The 404 Page
December 11, 2014, by Sebastian Maier
Once here, there’s nowhere else to go! Who has not encountered it before – the 404 error, that indicates that a sub page on a website could not be found.
A possible message that an Internet user could then find may look like this: “404 – page not found” or “The page you requested does not exist.”
The error can have many causes: an error in typing the URL, an outdated link or a deleted page. But as different as the causes for the 404 errors may be, the user’s brief moment of frustration will still always be the same. It comes as no surprise, then, that visitors will leave a website particularly often when they come across a 404 page.
This can be counteracted by first tracking down the so-called dead links within one's own website, and second, by designing the “inevitable” 404 pages – for example when the user mistypes a link – attractively and in a helpful manner.
What Are Dead Links?
Dead links within your website and those found in your content not only lead to dissatisfied customers, but they also harm the SEO factor. That is reason enough for you to track them down and get rid of them.
There are many tools, some of which require payment and some which are free, that promise to find dead links effectively. But the tool that is probably the most reliable and, at the same time, completely free is Google Webmaster Tools.
After logging in, the “Crawl Errors” option can be clicked in the website’s dashboard.
You can there find out how many internal links Googlebot was unable to crawl on this website – to put it plainly, just how many and which links on your website are dead.
You can then use backlinktest.com’s Dead Link Checker to verify which links on your website refer to these dead links, and delete or change them. By the way, the Dead Link Checker reveals not only the internal, but also the external links that are dead.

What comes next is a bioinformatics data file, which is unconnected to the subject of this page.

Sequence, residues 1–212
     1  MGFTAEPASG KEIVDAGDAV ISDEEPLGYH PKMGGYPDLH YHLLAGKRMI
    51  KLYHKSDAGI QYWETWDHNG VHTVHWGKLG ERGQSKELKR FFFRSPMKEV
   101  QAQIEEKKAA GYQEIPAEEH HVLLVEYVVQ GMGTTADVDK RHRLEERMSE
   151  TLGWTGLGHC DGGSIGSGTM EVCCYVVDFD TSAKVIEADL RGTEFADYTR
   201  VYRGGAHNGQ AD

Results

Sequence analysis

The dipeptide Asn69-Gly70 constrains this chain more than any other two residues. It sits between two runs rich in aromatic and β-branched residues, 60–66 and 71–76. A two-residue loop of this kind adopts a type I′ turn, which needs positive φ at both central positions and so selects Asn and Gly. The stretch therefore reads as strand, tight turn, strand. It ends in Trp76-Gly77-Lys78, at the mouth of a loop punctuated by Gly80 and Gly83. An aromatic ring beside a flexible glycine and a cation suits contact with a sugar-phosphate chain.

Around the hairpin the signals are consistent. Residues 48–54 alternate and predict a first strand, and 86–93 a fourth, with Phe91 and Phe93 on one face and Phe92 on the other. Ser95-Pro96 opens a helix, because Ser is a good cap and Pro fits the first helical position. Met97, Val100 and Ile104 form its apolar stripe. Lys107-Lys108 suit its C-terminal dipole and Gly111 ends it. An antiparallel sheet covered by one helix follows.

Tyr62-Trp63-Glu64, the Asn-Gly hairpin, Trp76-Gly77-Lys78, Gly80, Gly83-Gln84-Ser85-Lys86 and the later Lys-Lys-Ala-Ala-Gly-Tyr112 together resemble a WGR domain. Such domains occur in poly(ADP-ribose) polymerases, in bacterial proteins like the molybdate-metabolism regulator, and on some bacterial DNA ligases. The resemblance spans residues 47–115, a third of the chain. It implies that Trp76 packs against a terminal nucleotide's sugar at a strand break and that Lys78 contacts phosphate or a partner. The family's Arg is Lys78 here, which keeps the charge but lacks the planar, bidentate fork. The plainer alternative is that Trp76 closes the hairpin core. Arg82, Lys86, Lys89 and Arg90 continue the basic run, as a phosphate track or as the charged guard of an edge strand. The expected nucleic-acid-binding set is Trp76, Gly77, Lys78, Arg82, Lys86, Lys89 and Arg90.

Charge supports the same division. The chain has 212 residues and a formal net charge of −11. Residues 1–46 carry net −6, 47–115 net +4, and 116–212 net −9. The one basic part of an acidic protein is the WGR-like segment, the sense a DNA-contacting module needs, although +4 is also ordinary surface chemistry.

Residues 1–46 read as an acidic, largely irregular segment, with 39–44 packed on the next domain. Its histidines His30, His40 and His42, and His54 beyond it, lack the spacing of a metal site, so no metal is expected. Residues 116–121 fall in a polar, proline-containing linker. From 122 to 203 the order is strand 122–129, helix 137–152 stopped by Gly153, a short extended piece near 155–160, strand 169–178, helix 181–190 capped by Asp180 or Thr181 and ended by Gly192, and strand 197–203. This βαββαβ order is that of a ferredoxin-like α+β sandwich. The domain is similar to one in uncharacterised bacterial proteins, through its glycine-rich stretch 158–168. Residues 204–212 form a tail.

Designing a Helpful 404 Page
As mentioned above, there are 404 errors that are inevitable, for example, when someone makes a typing error while entering a URL. In order to nevertheless keep the visitor on the website, the 404 page should be designed to be as helpful as possible.
From the user-friendliness perspective, it should at least be standard to include a search field next to the error description, so that the user can quickly and easily find the content that he was looking for when he originally visited the page. This is also better for the SEO factor. A web agency can help in setting this up.
Related links that help to keep the user on the page may also be useful. Examples of this are “most popular articles” or other content on your website that has proven to be particularly interesting for visitors.
An option for contacting the website publisher can also be enormously helpful in preventing the 404 page from discouraging a user. The website’s logo or branding, and access to the usual navigation additionally give the user the feeling that he is still at the right place.
You can also get creative
404 pages have also already inspired a bloom in creativity for some people, and, in many instances, are filled with humorous images, text or GIFs – as on the Emailcenter website, for example.
Further examples and suggestions for 404 pages that will put a smile instead of a frown on a user’s face can be found in the article “404 Error! Wanna play Pacman instead? – 50 examples for creative error pages” on t3n.de.
How do you design your 404 error pages?